Climate change survival
QWhat effect is global warming likely to have on fish spawning?
Eileen Brooke, via email.
AClimate change is a huge and complex global problem, which has wide-ranging social and economic implications, as well as those relating to the natural environment, and whatever climate change deniers say, it’s here, it’s happening, and it won’t go away.
Average temperatures in the UK have risen by a degree since the 1970s, and ocean temperatures by 1.5 degrees since the 1980s, and even if emissions are cut dramatically with immediate effect, the level of greenhouse gases already in the atmosphere means that further warming is inevitable.
Computer modelling based on current data suggests that winters in the UK will become wetter and summers will become warmer. Wetter winters will increase the likelihood of flooding, which brings with it the potential to reshape riverine habitat, and threaten the survival of overwintering fry.
Higher summer temperatures will result in greatly reduced river flows, poor groundwater replenishment, increased evaporation, increased siltation, greater water enrichment, reduced dilution of pollutants, and reduced oxygen saturation. Overall, it’s not a pretty picture for the aquatic environment, with finely balanced ecosystems likely to be adversely impacted by a huge range of environmental variables.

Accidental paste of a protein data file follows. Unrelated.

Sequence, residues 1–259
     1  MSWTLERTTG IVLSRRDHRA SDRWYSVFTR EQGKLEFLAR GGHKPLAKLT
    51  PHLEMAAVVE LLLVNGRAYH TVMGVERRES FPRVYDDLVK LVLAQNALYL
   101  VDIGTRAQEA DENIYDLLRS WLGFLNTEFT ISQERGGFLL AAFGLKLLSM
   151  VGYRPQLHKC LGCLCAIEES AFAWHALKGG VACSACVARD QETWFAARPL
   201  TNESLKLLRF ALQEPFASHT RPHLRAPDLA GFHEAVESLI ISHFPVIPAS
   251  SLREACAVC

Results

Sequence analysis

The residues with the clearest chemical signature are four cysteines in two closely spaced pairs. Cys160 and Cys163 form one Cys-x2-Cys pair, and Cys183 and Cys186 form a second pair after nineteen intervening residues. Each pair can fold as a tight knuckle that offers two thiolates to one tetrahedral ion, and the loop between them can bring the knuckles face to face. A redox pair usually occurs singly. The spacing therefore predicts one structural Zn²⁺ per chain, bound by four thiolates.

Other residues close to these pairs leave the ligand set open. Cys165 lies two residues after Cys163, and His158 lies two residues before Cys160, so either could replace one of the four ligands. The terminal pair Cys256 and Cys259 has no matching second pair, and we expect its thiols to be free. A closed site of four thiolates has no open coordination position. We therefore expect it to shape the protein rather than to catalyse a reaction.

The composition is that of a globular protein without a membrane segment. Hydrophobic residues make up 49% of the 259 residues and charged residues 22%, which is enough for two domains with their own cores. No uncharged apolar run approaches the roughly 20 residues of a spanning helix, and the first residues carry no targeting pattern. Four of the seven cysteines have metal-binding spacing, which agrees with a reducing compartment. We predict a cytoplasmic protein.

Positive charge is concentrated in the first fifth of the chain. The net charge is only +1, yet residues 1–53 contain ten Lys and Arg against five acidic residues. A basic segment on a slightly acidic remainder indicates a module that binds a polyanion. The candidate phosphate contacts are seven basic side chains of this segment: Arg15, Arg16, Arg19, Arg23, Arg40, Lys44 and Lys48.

As far as fisheries are concerned, the current, bigger picture is focussed more on the impact upon the commercially important marine and migratory species than on our coarse species, but the implications are clear.
Coldwater marine species, such as cod and haddock, are already moving further northwards, to stay within their ecological temperature range, and southern ‘invaders’ are beginning to push into UK waters, including sardines, red mullet and John Dory.
There are, however, a few potential benefits for anglers, including the possible reestablishment of a UK tuna fishery, but this has to be balanced by the potential failure of our Atlantic salmon fishery, due to disruption of temperature-related migration and spawning, and the loss of vulnerable and endangered species, such as the European whitefish (powan/pollan).
As with all environmental change, there will be some species that win and some that lose. With global warming, all predictions suggest that there will be far more losers than winners, and that works in all habitats right across the globe, not just in the aquatic environment.
Spawning is just a small part of the overall climate change picture, albeit an important one. As far as spawning is concerned, the main short-term impact, as with marine and migratory species, will be upon those species at the extremes of